The BU Board of Trustees was presented on Friday with a broad-based proposal to expand the University’s sustainability initiatives, as well as a recommendation to divest from companies that continue to explore for new fossil fuel reserves or that extract coal and tar sands. The proposal, put forth by the University’s Advisory Committee on Socially Responsible Investing (ACSRI), also recommends that the University hire endowment investment managers with expertise in renewable energy sources and incorporate a comprehensive Climate Action Plan (CAP) in BU’s Strategic Plan. Following the established practice, the proposal has been referred to the trustees’ Executive Committee for discussion, with further deliberation by the full Board at the next trustees meeting in the fall.
Trustee Rick Reidy (Questrom’82), ACSRI chair, says universities have a responsibility to take action that addresses climate change. “Universities should play a significant role in addressing climate change where divestment may be part of it, but education and research are where we can make our greatest contribution,” says Reidy. “Universities should also be prepared to walk the talk and become as green as we can be while fulfilling our educational and research mission. If we choose to divest, it is not the end of this discussion or of the University’s actions on climate change in the future.”
ACSRI member Steve Brady, a School of Medicine associate professor of psychiatry and chair of the Faculty Council, says the committee’s study, which included presentations from several experts and a close look at the actions of other universities, ultimately persuaded them to expand their proposal beyond its initial focus on divestment to include investment, education, research, and operations. Brady says that the ACSRI believes that the University’s current sustainability efforts “are terrific,” and that notes from a recent committee meeting “applaud the University’s commitment to reduce its carbon emissions by 35 percent in an additional four million square feet of buildings by 2020, and reduce its energy consumption between 2012 and 2017 by 10 percent.”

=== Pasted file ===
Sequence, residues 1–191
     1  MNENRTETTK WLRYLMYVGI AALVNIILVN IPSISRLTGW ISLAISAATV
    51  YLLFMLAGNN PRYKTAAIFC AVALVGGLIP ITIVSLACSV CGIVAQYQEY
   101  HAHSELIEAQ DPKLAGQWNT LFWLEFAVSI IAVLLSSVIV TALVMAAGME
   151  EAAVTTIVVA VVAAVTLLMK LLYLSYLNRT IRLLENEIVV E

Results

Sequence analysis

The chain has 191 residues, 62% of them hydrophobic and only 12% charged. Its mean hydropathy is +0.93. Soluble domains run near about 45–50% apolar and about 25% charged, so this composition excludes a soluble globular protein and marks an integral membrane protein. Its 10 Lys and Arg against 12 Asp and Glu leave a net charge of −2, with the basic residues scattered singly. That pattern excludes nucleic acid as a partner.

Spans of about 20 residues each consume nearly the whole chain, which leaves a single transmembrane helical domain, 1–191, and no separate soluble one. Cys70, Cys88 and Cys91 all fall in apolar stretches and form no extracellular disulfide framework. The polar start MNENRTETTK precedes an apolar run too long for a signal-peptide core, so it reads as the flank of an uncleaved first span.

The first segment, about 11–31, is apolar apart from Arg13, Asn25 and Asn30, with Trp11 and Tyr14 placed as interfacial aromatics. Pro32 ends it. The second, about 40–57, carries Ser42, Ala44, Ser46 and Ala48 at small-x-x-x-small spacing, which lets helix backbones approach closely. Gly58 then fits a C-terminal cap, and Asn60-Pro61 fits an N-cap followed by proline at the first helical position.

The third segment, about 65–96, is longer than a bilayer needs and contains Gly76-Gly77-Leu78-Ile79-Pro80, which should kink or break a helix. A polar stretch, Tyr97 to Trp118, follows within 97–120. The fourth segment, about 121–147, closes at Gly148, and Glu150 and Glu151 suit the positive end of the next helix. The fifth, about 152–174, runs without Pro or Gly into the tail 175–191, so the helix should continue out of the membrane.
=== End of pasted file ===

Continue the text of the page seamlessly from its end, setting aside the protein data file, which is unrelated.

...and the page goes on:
Brady points out, for example, that BU supports many researchers doing cutting-edge climate studies. “We would like to see the University create an environment where those researchers can be as successful as possible,” he says. “We should also consider that the city of Boston has a 2050 climate plan, and we should make sure that we find ways to link to our community and the city. That means encouraging things like taking public transportation, creating a biking program for faculty, and being mindful of the effects of travel, especially travel by air. It also means designing buildings for the future. We know that the seas are rising. That means building buildings that don’t have mechanicals in the basement.”
“Another thing,” he says, “is we would like the University to support investment advisors with expertise in clean energy. These investment opportunities are expanding, and the goal is for the endowment to invest in those opportunities that meet the University’s return objectives.”
He says that the ACSRI proposed divestment from companies exploring for new sources of fossil fuel because “we think the world has enough known fossil-fuel reserves, and if we continue to look for new reserves, that is problematic.”
The committee’s recommendations also call for the development of a Climate Action Plan outlining strategies for increasing the University’s green energy supply, reducing its power needs, teaching students to understand the ramifications of, and adaptation strategies for, climate change, and expanding cross-disciplinary research related to climate change. And the committee recommends teaching all community members that one’s individual choices have a profound impact on carbon footprints, and preparing for the effects of climate change on the University’s physical plant.